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March 15, 2015
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Malnutrition in Pakistan severest in region: report

Business

March 15, 2015

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LAHORE: A World Bank report has warned that malnutrition costs countries up to 3.0 percent of the yearly GDP and malnourished children lose 10 percent of their lifetime earning potential stressing that malnutrition in Pakistan is the severest in the region.
The statistics gathered from various United Nation (UN) and donor sources indicated that Pakistan ranks below China, India, Bangladesh and Sri Lanka on prevalence of stunting, micronutrient uptake, adolescent and adult nutrition status and various other indicators directly related with nutrition.
According to United Nations Children’s Fund (UNICEF)/ World Health Organization (WHO) data, prevalence of stunting below the age of five in India was 62 percent in 1990, it has now declined to 48 percent, in China it has declined from 22 percent to 9.0 percent, while in Pakistan it has increased from 43 percent in 1992 to 45 percent 2012. In Bangladesh, prevalence of stunting below the age of five was 51 percent in 2004 and has now declined to 41 percent. Sri Lanka has even better record where stunting has declined from 28 percent in 1995 to 15 percent now.
Nutritional expert Dr Jameel Tajwar said that delayed growth, especially stunting, is reported in children with clinical signs of vitamin A deficiency. In addition, deficiency of zinc, which is essential for DNA and protein synthesis, leads to growth failure and delayed secondary sexual maturation in man and animals. He said only a balanced diet could provide these essential nutrients to the population, adding that the other way of providing these essential minerals is fortifying staple food or frequently used manufactured edibles. “Iron and iodine are the other substances that need to be added in the staple foods,” he added.
She asserted that as per WHO statistics, 51 percent of the women population in Pakistan is suffering from anemia because, “We have failed to fortify wheat flour with iron despite of proved trials that showed fortified flour

almost eliminated anemia in population that consumed products made from fortified flour.”
Tajwar said only anemia suffering women are 20 percent in China, 48 percent in India, 44 percent in Bangladesh, and 26 percent in Sri Lanka, adding that 13 percent preschool children suffer from Vitamin a deficiency in Pakistan.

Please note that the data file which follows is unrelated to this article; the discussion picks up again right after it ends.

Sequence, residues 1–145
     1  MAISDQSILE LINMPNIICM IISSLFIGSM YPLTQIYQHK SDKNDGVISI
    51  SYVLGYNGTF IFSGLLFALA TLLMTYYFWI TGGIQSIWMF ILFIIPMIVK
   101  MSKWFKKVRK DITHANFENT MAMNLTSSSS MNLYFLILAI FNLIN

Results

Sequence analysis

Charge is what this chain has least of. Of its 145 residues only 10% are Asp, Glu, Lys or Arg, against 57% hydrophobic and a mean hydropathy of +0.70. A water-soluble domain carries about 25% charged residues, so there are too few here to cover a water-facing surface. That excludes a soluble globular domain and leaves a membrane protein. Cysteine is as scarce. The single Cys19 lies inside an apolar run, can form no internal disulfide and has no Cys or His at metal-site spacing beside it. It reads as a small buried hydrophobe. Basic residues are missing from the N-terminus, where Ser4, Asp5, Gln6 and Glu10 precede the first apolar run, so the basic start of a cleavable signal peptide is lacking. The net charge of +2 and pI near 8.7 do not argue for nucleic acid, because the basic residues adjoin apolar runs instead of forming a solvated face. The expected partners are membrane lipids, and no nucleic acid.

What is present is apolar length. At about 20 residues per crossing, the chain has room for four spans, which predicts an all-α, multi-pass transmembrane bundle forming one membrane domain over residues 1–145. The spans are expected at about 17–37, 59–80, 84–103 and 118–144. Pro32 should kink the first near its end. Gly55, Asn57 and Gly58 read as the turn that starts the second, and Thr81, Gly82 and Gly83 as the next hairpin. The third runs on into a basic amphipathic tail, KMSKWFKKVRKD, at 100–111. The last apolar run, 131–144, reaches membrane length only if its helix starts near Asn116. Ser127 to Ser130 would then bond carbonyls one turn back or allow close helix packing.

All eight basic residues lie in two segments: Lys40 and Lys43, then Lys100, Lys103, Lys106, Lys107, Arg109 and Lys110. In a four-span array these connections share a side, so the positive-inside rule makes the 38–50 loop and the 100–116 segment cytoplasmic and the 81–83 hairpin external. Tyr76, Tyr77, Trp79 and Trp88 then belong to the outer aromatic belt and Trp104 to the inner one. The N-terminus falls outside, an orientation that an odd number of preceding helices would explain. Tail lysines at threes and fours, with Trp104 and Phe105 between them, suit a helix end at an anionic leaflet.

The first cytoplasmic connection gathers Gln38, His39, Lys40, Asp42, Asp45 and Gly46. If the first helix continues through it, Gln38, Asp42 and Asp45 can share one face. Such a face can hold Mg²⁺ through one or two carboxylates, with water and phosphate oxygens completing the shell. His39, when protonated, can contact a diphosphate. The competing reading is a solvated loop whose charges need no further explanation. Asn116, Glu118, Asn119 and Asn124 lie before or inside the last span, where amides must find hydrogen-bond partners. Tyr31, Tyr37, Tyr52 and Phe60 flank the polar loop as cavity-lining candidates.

This deficiency in the same group is 20 percent in China, 62 percent in India, 22 percent in Bangladesh and 35 percent in Sri Lanka.
Children aged 6-12 are suffering from severe iodine deficiency in Pakistan, he said adding that iodine uptake is optimal in Indian children while Bangladeshi children have mild iodine deficiency and Sri Lankan children have optimal iodine uptake.
Dr Mussarat Tahir, a medical practitioner, said according to the World Bank more than one third of all child deaths every year around the world are attributed to malnutrition, specifically under nutrition, which weakens the body’s resistance to illness.
She said in our society, pregnant and nursing women eat too few calories and proteins, have untreated infections, such as sexually transmitted diseases that lead to low birth weight, or do not get enough rest.
Mothers have too little time to take care of their young children or themselves during pregnancy, Tahir said adding that another practice spreading among mothers of newborns is to discard their first breast milk known as ‘colostrum’ which strengthens the child’s immune system.
“Young mothers often feed children, under the age of six months, foods other than breast milk even though exclusive breastfeeding is the best source of nutrients and the best protection against many infectious and chronic diseases,” she added.
WHO 2014 reports revealed that metabolic risk factors for diet related communicable diseases include raised blood pressure, raised blood glucose and raised blood cholesterol, Tahir said adding that 40 percent of the population in Pakistan suffers from raised blood pressure, 40 percent have higher sugar level in blood and 39 percent have higher than average blood glucose level.
“High level of these substances in blood indicate bad nutrition and place the population at high risk to many ailments,” she said.
Economist Yunus Kamran said it makes sense that better nutrition enhances economic growth however, “we still need solid economic theories and models with which to formalize this relationship.”
He said stunted children cannot be expected to grow up as productive adults compared with those that were fed adequate food in the first five years of life, adding that nutritional deficiencies could be addressed at a nominal cost and the yields are enormous.

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